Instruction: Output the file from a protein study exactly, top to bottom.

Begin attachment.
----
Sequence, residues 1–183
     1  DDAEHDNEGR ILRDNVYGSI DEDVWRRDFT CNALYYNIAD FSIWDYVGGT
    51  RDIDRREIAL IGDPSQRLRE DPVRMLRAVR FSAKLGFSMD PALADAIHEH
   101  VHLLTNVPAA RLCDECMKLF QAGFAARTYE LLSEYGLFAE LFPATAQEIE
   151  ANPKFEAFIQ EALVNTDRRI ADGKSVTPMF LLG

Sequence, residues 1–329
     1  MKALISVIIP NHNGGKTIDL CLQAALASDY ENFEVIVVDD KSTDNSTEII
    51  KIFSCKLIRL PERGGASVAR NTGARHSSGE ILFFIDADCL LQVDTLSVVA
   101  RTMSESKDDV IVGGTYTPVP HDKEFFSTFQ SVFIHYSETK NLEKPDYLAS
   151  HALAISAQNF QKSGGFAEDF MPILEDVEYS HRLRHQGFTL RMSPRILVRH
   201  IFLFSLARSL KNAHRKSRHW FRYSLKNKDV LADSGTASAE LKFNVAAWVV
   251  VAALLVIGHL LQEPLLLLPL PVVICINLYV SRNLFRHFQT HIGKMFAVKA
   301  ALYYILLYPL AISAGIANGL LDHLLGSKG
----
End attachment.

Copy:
Sequence, residues 1–183
     1  DDAEHDNEGR ILRDNVYGSI DEDVWRRDFT CNALYYNIAD FSIWDYVGGT
    51  RDIDRREIAL IGDPSQRLRE DPVRMLRAVR FSAKLGFSMD PALADAIHEH
   101  VHLLTNVPAA RLCDECMKLF QAGFAARTYE LLSEYGLFAE LFPATAQEIE
   151  ANPKFEAFIQ EALVNTDRRI ADGKSVTPMF LLG

Sequence, residues 1–329
     1  MKALISVIIP NHNGGKTIDL CLQAALASDY ENFEVIVVDD KSTDNSTEII
    51  KIFSCKLIRL PERGGASVAR NTGARHSSGE ILFFIDADCL LQVDTLSVVA
   101  RTMSESKDDV IVGGTYTPVP HDKEFFSTFQ SVFIHYSETK NLEKPDYLAS
   151  HALAISAQNF QKSGGFAEDF MPILEDVEYS HRLRHQGFTL RMSPRILVRH
   201  IFLFSLARSL KNAHRKSRHW FRYSLKNKDV LADSGTASAE LKFNVAAWVV
   251  VAALLVIGHL LQEPLLLLPL PVVICINLYV SRNLFRHFQT HIGKMFAVKA
   301  ALYYILLYPL AISAGIANGL LDHLLGSKG